WASHINGTON -- The new healthcare law wasn't supposed to undercut employer plans that have provided most people in the U.S. with coverage for generations.
But last week a leading manufacturer told workers that their costs will jump partly because of the law. And a Democratic governor laid out a scheme to shift workers into taxpayer-subsidized insurance markets that open in 2014.
While it's too early to proclaim the demise of job-based coverage, corporate number crunchers are looking at options that could lead to big changes.
"The economics of dropping existing coverage is about to become very attractive to many employers, both public and private," said Gov. Phil Bredesen, D-Tenn.
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That's just not going to happen, White House officials say.
"The absolute certainty about the Affordable Care Act is that for many, many employers who cover millions of people, it increases the incentives for them to offer coverage," said Jason Furman, an economic adviser to President Barack Obama.
Yet at least one major employer has shifted a greater share of plan costs to workers, and others are weighing the pros and cons of eventually forcing employees to buy their own.
"I don't think you are going to hear anybody publicly say, 'We've made a decision to drop insurance,'" said Paul Keckley, executive director of the Deloitte Center for Health Solutions. "What we are hearing in our meetings is, 'We don't want to be the first one to drop benefits, but we would be the fast second.' We are hearing that a lot." Deloitte is an accounting and consulting firm.
"My conclusion on all of this is that it is a huge roll of the dice," said James Klein, president of the American Benefits Council, which represents big company benefits administrators. "It could work out well and build on the employer-based system, or it could begin to dismantle the employer-based system."
Employer health benefits have been a middle-class mainstay since World War II, when companies were encouraged to offer health insurance instead of pay raises. About 150 million workers and family members are now covered.
When lawmakers debated the legislation, the nonpartisan Congressional Budget Office projected that it would have only a minimal effect on employer plans. About 3 million fewer people would be covered through their jobs, but they could get insurance elsewhere.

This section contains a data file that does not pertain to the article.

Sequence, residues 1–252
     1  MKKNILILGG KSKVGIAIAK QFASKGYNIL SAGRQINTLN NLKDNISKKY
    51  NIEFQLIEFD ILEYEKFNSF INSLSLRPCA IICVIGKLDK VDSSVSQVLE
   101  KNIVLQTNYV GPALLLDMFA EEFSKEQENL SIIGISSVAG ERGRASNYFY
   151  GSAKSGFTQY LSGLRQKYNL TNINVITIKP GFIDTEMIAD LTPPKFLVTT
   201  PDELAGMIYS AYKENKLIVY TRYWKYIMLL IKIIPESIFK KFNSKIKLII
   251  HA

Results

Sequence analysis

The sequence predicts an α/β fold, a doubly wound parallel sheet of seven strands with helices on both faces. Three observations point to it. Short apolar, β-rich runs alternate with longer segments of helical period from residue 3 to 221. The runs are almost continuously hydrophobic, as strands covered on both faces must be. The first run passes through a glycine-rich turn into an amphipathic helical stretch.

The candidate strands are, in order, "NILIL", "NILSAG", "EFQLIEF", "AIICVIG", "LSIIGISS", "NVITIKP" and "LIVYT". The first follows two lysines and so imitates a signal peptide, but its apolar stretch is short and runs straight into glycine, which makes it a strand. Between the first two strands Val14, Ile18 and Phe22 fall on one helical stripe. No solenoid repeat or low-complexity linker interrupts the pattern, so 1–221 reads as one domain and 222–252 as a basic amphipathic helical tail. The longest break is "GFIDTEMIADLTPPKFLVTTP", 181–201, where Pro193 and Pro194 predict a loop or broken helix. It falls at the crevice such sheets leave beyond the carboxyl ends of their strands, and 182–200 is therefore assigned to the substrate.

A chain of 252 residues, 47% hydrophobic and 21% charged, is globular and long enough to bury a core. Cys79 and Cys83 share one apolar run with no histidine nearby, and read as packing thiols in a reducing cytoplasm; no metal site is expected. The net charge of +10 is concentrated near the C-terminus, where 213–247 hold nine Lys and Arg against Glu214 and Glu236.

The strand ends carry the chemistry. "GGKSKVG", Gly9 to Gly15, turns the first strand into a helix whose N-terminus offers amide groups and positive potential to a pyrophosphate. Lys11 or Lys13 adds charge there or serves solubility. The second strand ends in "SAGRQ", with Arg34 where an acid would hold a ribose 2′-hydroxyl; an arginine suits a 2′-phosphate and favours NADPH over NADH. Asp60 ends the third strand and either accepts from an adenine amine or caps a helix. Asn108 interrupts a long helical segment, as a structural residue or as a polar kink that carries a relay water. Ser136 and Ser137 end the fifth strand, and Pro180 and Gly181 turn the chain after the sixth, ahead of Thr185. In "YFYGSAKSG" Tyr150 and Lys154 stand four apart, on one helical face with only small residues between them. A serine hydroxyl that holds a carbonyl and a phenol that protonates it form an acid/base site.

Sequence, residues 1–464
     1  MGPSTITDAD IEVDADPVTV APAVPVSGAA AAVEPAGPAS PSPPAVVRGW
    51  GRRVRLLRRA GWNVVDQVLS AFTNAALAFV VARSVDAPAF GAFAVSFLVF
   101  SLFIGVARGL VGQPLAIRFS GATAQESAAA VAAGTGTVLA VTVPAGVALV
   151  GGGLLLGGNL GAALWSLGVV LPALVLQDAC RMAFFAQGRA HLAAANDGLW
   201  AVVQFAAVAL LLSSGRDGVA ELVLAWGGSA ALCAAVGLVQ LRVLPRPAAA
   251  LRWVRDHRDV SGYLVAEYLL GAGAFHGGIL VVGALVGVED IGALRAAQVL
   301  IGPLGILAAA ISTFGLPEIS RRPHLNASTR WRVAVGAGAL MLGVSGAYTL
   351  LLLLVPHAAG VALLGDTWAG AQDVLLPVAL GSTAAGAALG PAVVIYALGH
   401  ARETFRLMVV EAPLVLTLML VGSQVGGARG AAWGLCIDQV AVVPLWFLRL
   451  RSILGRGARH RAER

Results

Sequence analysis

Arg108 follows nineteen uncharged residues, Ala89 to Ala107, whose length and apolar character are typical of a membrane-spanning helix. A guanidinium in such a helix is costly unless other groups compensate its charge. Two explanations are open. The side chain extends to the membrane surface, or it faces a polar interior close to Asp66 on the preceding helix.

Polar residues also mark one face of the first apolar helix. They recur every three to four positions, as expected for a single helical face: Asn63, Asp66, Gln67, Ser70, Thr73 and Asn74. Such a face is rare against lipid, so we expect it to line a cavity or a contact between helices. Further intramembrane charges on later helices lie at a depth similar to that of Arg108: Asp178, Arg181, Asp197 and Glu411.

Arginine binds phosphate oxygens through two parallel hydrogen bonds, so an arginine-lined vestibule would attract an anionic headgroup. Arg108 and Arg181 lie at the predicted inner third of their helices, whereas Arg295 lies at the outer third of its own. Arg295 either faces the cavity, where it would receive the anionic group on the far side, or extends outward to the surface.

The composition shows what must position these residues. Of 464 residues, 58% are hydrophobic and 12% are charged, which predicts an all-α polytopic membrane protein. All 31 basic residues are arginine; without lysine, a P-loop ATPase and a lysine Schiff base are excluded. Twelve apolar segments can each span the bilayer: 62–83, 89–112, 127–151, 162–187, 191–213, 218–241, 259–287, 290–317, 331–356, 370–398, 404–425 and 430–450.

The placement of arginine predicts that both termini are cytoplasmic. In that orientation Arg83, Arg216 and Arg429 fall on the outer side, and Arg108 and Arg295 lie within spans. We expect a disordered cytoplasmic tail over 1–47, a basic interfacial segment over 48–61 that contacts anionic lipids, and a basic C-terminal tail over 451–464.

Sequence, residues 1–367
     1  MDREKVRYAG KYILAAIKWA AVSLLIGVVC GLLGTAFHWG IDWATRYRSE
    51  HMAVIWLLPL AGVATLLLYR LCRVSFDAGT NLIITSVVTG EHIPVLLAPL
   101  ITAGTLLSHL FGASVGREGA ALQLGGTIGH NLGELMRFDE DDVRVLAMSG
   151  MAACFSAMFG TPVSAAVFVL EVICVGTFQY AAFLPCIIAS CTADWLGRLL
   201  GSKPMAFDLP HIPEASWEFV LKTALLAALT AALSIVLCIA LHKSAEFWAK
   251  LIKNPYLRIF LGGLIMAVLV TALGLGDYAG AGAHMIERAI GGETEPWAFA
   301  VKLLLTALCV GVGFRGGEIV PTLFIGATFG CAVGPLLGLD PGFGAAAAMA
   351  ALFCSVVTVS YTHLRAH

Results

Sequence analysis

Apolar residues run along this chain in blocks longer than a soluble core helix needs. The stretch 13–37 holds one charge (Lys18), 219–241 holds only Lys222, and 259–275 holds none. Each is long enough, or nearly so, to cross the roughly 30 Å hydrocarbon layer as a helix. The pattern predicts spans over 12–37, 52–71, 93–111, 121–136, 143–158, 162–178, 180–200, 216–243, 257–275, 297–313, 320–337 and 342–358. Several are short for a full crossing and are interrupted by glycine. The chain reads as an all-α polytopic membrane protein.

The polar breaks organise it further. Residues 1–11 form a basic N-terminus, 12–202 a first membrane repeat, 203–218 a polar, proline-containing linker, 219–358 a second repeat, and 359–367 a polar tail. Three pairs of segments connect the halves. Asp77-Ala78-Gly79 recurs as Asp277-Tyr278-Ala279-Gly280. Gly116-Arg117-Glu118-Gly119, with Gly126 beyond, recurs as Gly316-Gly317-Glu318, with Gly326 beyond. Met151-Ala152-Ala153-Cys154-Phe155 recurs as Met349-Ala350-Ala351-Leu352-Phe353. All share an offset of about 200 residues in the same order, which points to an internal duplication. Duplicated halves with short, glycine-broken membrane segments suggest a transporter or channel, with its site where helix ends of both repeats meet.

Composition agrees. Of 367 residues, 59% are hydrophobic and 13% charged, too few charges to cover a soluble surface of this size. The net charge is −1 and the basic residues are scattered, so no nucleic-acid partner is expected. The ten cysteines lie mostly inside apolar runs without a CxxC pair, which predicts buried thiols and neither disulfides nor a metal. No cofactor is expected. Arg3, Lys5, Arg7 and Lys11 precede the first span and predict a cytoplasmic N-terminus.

Two provisions in the new law are leading companies to look at their plans in a different light.
One is a hefty tax on high-cost health insurance aimed at the most generous coverage. Although the "Cadillac tax" doesn't hit until 2018, companies may have to disclose their exposure to investors well before then. A Boeing spokeswoman said concerns about the tax were partly behind a 50 percent increase in insurance deductibles just announced.
The tax is 40 percent of the value of a plan above $10,200 for individual coverage and $27,500 for a family plan. Family coverage now averages about $13,800.
White House adviser Furman said blaming a cost increase next year on a tax that won't take effect for eight years "stretches credibility very far past the breaking point."
Bigger questions loom over the new insurance markets, called exchanges, that will be set up under the law. Every state will have one in a few years. Consumers will be able to shop for coverage among a range of plans in the exchange, with a guarantee that they can't be turned down because of an existing medical problem. To make premiums affordable, the law provides tax credits for households making up to four times the federal poverty level, about $88,000 for a family of four.
Bredesen said last week that employers could save big money by dropping their health plans and sending workers to buy coverage in the exchange. They would face a fine of $2,000 per worker, but that's still much less than the cost of providing health insurance.
Employers could afford to give workers a raise and still come out ahead, Bredesen wrote in a Wall Street Journal opinion piece.
Employers are actively looking at that. "I don't know if the intent was to find an exit strategy for providing benefits, but the bill as written provides the mechanism," said Deloitte's Keckley.
A spokeswoman for the senators who wrote that part of the law says she's confident that when companies do the math, they'll decide to keep coverage.
If not, employers would lose the deduction they now receive for the cost of workers' healthcare and would face higher costs for Social Security and Medicare taxes.